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Best Halloween movies and TV to stream: 31 days of horror


Heavens, I miss Halloween. As a kid in the Midwest, the holiday pulverized my senses: the potpourri of rotting leaves and Sunday barbecues, the whispers about the mysterious neighbor who never opened their door, and my friends with prosthetic gashes across their faces and plastic aliens bursting from their chests — what a sight.

Where did it go? I suppose there’s no clearer sign that I’d grown up than when Halloween became just another excuse to drink and eat candy I’d never ever eat any other day. (Have you ever actually read the ingredients of a Butterfinger?) After I moved to Texas in my thirties and went full boring adult, my favorite holiday became little more than a reminder to get serious about saving money for Christmas gifts.

So a few years ago, out of disappointment and boredom, I sparked a new tradition by creating a Google Calendar for October, assigning myself one Halloween-friendly film or TV show per evening. I finally made time for monster-movie classics, and recaptured a fraction of that Ray Bradbury brand of October energy. Over the past few years, I’ve become increasingly obsessed with making and respecting the calendar. And with COVID-19 keeping me indoors this Halloween, it’s become a fixation.

This year, I’ve decided to share the calendar with y’all. Hell, I’m already doing the work, so why not? Every day in October, I’ll reveal a new film, TV episode, or online video for you to stream. Since you have a trillion choices, I’m arranging the entries in themes, each film complementing one another. I’m also providing some context to illuminate the experience. For example, I’m starting the calendar with “unconventional ghost stories.” The ghost story is surprisingly popular among film auteurs who otherwise overlook the horror genre. The appeal of spirits connects directors from the Australian New Wave to Southern Gothic to, well, David Fincher.

If you’re following along with the viewing choices on this calendar, I strongly encourage you to share them with a friend, even if you can’t watch the picks in the same room or at the same time. One of the pleasures of great horror is its ambiguity, the empty space it leaves for us to insert ourselves and our own anxieties. It can spark epiphanies and conversation we might otherwise avoid. And what better time for us to communally process fear and trauma than right now?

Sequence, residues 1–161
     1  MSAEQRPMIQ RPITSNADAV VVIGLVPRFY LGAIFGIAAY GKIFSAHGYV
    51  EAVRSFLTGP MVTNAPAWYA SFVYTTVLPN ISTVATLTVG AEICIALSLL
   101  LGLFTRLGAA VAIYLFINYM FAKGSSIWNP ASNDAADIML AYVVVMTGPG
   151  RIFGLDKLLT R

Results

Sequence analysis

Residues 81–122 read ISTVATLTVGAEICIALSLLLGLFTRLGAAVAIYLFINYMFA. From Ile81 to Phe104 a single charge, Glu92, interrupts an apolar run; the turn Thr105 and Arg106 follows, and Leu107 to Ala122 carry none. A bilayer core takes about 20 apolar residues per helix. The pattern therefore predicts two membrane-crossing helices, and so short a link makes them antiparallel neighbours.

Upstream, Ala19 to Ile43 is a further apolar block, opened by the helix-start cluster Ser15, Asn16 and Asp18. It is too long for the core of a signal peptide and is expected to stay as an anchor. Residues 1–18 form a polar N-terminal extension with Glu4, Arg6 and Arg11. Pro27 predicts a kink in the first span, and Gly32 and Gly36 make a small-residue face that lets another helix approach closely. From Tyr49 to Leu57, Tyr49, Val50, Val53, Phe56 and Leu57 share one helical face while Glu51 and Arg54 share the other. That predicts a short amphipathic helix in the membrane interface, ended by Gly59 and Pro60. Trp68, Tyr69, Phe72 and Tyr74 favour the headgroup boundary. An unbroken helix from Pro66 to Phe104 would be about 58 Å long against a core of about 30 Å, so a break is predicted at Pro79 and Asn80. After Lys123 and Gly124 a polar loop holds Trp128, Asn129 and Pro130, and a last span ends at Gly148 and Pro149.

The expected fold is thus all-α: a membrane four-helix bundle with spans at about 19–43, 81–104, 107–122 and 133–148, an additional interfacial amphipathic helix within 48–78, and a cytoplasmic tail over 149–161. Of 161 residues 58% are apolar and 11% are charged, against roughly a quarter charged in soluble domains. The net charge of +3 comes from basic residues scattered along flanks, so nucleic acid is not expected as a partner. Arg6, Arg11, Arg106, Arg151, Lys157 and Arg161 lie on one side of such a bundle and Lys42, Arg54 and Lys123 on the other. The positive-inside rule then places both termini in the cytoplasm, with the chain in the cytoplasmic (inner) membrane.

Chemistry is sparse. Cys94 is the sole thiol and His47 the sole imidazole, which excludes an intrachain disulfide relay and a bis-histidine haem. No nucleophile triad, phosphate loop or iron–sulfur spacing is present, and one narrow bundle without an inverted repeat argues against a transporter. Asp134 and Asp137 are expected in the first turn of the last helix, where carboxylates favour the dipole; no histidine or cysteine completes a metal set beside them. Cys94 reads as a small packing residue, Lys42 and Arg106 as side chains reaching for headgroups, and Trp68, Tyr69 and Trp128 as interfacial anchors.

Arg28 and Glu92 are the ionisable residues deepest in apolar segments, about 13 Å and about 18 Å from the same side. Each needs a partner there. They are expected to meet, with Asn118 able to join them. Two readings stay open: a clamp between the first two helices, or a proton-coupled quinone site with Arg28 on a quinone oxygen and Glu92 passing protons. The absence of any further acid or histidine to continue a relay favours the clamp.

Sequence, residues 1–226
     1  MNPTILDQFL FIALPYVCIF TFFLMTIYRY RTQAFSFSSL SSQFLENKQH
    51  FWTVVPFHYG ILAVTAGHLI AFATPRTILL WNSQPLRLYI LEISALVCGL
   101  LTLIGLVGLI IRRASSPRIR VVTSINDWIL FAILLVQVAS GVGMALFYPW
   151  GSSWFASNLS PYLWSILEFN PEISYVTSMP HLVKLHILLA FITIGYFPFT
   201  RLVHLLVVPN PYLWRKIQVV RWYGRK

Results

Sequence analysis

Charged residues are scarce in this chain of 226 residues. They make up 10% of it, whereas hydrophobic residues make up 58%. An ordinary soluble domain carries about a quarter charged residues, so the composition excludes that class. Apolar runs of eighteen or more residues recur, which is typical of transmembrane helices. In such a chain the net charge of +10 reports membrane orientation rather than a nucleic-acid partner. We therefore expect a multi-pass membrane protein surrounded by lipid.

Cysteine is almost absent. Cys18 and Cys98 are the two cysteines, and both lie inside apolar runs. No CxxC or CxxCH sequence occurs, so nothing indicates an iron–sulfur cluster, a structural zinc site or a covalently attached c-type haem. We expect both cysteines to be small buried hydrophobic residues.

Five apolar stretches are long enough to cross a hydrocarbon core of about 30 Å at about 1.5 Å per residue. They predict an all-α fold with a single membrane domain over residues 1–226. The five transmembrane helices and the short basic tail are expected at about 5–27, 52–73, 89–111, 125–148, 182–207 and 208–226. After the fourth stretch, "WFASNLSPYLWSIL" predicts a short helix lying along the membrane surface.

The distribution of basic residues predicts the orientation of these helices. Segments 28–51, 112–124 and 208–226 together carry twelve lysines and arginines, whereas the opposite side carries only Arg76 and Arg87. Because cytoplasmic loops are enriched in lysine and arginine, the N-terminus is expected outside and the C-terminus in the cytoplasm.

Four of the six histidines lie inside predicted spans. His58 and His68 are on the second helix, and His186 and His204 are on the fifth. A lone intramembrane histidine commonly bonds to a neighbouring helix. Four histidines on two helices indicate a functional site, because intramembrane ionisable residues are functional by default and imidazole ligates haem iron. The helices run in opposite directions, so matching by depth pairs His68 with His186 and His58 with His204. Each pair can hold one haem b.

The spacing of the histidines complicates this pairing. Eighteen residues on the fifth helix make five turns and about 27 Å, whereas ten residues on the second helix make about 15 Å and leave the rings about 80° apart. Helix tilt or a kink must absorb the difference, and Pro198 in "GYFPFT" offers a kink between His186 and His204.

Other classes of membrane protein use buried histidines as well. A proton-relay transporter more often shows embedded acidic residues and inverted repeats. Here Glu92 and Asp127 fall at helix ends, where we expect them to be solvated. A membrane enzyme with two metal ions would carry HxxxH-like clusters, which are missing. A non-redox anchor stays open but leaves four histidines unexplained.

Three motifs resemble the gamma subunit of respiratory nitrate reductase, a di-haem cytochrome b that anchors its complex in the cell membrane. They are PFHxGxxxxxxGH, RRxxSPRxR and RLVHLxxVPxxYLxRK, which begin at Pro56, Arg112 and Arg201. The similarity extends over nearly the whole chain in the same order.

Be sure to share your favorite Halloween-time favorites in the comments, too. Happy Halloween month!


Photo: The Criterion Collection

Thursday, October 1st: Picnic at Hanging Rock (1975)

On Valentine’s Day of 1900, a large group of schoolgirls and teachers travel to Hanging Rock, Victoria for an afternoon picnic. A band of the girls decides to ascend the rock. Atop the cliff, exposed fully to the Australian sun, the young women enter a trance and disappear into its crevices. The incident is filmed in languid shots of the teachers and students basking in sunlight that nearly blows out the picture. It’s like taking a mid-July hike on general anesthetic, the world blurry, the sound echoing, reverberating, and distant. Time is frozen, and in this brightness, the girls appear to be already dead. To the handful of men in attendance, they’re angels. But in their own absence, they become ghosts.

In the film’s second half, we get the fallout of the missing girls. The memory of them, and the accompanying guilt, haunts the classmates and townspeople who can’t make sense of how a few young lives could seemingly disappear.

If you like Picnic at Hanging Rock, you might also like: The Leftovers. The HBO show about a fraction of Earth’s population disappearing, and how the survivors respond, borrows heavily from Picnic at Hanging Rock, along with other films by its Australian New Wave director, Peter Weir.

Picnic at Hanging Rock is available to stream on Criterion Channel.

And up next:

Friday, Oct. 2: Eve’s Bayou

Saturday, Oct. 3: Zodiac

Sunday, Oct. 4: Poltergeist

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